Planting trees and more ways to celebrate Tu B’Shevat, or Jewish Earth Day

Spending time in nature and appreciating the beauty of the world around them is an ideal I hope to instill in my kids that will stay with them for years to come.

Tu B’Shevat, which begins at sundown on January 27 and ends at nightfall on January 28, is known widely as the new year of the trees, or Jewish Earth Day. In Israel, this time of year is when the most rain falls, rain that we as Jews pray for, rain that brings fourth new life and new hope. We celebrate by eating new fruits and expressing our appreciation for new life.

Of course, if you live in area of the world that is smack in the middle of the cold winter months, it’s hard to imagine celebrating a holiday about growth and renewal.

Yet, even those of us living in colder climates can find ways to get out into nature and appreciate the beauty of the world.

Go On A Nature Walk

On our walks together, my children and I take notice of the changing landscape. We keep an eye out for animal tracks, budding plants, and other signs showing even in winter, life continues. Even if you live in a more urban environment, signs of nature are all around. Find a few moments to mindfully connect to the sights, sounds, smells, and other sensory experiences around you.

Grow Something

This month, our family’s PJ Library mailing included a kit for growing arugula microgreens. As a notorious plant destroyer, I was hesitant to try it out, but I am commited to giving it my best effort, and hope to have some beautiful sprouts to share with you soon.

Help Plant A Tree

If you are like me, and more of an admirer of plants, trees, and flowers, than a grower, you can still contribute to making the world a greener place.

PJ Library is committed to ensuring trees can be enjoyed by generations to come. They are partnering with the National Forest Foundation to plant trees where they’re most needed. The organization has pledged to match every dollar donated up through $50,000 through the end of January. Visit to learn more, and while you are there, check out PJ Library’s guide to growing plants and other activities to help your family connect with the spirit of Tu B’Shevat.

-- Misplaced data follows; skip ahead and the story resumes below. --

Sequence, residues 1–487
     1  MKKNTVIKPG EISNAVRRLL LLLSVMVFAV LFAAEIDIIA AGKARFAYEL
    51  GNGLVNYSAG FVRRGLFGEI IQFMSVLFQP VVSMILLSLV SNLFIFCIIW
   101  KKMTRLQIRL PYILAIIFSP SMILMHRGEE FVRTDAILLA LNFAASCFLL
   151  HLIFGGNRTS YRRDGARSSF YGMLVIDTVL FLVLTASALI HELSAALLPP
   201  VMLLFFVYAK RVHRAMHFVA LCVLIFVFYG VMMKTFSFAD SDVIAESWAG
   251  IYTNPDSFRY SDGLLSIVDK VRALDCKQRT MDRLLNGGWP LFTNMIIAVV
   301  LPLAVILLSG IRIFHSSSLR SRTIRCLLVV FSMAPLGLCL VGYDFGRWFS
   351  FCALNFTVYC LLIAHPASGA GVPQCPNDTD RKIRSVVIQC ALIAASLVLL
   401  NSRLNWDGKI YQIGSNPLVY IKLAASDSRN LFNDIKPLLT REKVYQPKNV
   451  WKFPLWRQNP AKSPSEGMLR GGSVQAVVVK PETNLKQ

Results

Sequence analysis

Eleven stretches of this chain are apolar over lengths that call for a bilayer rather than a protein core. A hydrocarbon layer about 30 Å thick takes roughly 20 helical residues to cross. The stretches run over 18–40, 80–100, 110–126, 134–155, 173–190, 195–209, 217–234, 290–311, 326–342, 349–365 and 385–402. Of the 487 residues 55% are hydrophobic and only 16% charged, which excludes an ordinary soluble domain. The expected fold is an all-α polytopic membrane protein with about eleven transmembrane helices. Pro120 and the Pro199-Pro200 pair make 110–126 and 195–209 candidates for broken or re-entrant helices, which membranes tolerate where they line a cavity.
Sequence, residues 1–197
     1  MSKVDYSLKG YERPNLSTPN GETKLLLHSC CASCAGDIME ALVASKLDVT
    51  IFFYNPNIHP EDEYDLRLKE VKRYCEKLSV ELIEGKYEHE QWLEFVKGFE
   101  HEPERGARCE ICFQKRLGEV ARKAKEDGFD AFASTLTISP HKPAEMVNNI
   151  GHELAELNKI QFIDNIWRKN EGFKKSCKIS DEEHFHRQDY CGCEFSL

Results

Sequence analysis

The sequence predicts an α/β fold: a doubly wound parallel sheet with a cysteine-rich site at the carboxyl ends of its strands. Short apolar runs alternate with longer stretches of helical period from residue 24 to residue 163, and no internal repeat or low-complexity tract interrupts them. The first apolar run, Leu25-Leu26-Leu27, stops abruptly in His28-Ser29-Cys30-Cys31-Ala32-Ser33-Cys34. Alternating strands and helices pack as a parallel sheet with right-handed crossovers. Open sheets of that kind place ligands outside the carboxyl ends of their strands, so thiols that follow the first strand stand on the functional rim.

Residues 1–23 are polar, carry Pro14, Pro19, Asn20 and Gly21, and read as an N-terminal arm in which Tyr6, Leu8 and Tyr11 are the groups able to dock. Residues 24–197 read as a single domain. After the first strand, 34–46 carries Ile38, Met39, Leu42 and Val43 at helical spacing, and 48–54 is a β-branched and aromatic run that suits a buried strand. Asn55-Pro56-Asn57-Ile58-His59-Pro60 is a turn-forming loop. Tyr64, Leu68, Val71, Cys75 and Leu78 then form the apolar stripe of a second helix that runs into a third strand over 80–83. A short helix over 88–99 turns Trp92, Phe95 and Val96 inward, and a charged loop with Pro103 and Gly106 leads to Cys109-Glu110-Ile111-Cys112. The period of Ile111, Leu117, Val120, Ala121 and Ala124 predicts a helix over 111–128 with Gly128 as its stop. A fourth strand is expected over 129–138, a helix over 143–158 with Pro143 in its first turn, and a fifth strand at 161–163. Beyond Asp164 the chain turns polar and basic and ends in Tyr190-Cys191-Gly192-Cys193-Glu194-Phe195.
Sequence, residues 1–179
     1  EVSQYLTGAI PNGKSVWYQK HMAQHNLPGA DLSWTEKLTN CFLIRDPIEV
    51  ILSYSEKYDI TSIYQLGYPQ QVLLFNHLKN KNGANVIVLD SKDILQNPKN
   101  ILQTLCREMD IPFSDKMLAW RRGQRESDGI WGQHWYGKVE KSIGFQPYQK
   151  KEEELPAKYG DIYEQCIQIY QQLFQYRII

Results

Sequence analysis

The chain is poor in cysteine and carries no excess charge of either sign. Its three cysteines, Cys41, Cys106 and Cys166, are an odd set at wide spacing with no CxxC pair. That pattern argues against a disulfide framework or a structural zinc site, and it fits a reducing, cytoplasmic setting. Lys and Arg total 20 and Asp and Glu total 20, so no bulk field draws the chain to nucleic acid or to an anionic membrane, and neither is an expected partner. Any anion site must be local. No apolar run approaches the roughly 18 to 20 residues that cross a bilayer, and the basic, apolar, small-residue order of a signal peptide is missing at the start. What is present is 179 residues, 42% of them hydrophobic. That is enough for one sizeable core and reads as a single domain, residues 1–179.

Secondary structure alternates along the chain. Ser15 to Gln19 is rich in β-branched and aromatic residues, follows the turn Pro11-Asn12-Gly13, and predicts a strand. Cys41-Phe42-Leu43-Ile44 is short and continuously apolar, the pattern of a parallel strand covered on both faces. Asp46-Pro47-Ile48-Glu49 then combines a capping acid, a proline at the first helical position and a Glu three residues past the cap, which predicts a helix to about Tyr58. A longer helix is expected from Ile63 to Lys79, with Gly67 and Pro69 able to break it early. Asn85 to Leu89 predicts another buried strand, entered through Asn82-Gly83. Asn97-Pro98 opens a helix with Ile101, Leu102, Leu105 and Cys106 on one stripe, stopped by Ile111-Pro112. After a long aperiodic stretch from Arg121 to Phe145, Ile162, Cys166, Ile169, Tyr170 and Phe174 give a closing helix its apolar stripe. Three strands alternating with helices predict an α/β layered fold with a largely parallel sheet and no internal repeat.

Try A New Fruit

Have you or your family ever tried passion fruit, star fruit, dragon fruit, or persimmon? The holiday of Tu B’Shevat is often celebrated by trying unfamiliar fruits and vegetables.

Trying new produce is often done as part of a special Tu B’Shevat seder, which focuses on the four seasons, an appreciation for nature, and helping us broaden our appreciation for our world. You can find a helpful guide to holding a Tu B’Shevat seder from PJ Library here.

If you haven’t done so already, be sure to enroll your children in PJ Library’s FREE service that delivers age-appropriate books on Tu B’Shevat and other Jewish holidays and themes to your door every month.

Disclaimer: As a PJ Library influencer, I am compensated for promoting this program. All opinions expressed are my own.

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